• Integrate the ITS Group into the construction process to help ensure that consideration of the fiber network is included in construction plans. (See page 40.)
  • Installing fiber in visible locations rather than underground can help contractors avoid damaging the fiber. (See page 40.)
  • It can be more cost-effective to relocate fiber prior to construction to reduce the likelihood and impacts of fiber cuts than make repairs when cuts occur. (See page 40.)

Using Toll Tag Readers for Traffic Monitoring

  • The system design should include design of the video monitoring tests that will be applied. (See page 49.)
  • A toll tag travel time system should accommodate many different types of failures that might occur, including reader failures, clock mis-synchronization, incorrect reader location assignments, and network failures. (See page 51.)
  • Field studies can help determine if toll tag market penetration is sufficient to support the use of a toll tag travel time system. (See page 53.)
  • The effect of diverting traffic on arterials can introduce a high bias into the observed average travel time. (See page 65.)
  • For limited access highways, diverting traffic is less likely to introduce a high bias into the observed average travel time. (See page 66.)
  • Including tag reads from turning vehicles increases the number of travel time observations generated. (See page 70.)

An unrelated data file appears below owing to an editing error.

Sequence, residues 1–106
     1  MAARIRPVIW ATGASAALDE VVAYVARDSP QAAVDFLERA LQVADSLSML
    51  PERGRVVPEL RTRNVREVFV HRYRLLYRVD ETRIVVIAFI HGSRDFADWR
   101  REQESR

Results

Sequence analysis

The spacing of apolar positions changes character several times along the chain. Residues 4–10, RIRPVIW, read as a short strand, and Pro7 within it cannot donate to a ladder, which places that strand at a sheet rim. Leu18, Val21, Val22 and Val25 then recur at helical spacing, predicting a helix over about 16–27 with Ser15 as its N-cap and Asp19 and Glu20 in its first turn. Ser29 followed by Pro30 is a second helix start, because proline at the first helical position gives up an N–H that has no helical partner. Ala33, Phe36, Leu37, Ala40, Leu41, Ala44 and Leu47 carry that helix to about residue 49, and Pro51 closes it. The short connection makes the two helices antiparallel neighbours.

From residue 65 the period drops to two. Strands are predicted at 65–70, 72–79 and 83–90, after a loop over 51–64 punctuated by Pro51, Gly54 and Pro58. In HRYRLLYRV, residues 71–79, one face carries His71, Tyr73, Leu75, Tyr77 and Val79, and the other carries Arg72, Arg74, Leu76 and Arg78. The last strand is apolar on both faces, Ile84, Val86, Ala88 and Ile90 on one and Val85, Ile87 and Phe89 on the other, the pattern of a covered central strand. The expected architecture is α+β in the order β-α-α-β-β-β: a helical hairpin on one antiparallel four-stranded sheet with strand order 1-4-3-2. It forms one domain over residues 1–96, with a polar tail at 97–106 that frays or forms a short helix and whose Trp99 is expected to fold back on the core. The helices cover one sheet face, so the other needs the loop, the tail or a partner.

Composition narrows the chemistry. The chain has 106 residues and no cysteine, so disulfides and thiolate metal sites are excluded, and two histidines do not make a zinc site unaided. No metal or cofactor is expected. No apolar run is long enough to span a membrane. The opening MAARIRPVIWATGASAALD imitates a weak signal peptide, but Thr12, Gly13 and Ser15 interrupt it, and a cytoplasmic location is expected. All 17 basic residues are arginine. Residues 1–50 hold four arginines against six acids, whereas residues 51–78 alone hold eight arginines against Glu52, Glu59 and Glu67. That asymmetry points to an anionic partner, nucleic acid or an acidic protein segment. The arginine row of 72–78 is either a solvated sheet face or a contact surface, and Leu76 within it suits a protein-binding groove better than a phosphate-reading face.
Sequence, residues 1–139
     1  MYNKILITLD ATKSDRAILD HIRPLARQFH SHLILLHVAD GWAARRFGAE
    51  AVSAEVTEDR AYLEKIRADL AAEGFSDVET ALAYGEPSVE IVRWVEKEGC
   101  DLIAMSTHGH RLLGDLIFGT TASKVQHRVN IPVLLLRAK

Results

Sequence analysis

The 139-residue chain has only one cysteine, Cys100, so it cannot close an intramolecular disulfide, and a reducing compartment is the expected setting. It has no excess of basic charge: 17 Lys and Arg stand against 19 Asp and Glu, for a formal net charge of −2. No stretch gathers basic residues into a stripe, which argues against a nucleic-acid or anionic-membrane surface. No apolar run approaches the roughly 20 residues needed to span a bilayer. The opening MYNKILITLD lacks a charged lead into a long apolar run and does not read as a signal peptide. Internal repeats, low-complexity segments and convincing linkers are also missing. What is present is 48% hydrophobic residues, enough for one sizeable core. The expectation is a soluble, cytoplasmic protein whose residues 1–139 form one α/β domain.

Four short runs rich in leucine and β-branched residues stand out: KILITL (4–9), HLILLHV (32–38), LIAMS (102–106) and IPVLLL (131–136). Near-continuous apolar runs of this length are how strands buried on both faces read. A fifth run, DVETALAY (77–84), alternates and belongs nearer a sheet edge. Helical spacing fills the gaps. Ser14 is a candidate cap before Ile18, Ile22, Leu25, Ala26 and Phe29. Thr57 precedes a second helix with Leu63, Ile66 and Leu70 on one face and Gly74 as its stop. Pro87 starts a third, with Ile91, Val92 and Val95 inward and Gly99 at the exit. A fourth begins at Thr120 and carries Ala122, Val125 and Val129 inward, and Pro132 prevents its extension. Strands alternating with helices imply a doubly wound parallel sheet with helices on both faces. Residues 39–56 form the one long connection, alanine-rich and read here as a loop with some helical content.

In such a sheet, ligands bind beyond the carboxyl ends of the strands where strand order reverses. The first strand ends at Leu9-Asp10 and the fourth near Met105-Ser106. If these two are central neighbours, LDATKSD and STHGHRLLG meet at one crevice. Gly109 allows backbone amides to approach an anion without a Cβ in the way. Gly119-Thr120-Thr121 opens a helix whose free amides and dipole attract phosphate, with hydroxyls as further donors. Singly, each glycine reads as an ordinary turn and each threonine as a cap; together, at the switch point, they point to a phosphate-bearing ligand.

• It is important that a system to monitor and maintain field equipment be in place by the time any field equipment is deployed. (See page 72.)
  • Reader failures will occur. The systems that rely on the readers must be designed to work around those failures. (See page 73.)
  • The tag matching efficiency is much higher for limited access roads than for arterials. (See page 76.)
  • The tag matching efficiency is much higher for limited access roads than for arterials. (See page 76.)
  • The tag matching efficiency drops quickly as the segment length increases. (See page 76.)
  • Toll tag readers introduce a delay in producing travel time estimates equal to the estimated travel time. (See page 78.)
  • The latency inherent in toll tag based traffic monitoring systems could limit its effectiveness for incident detection. (See page 78.)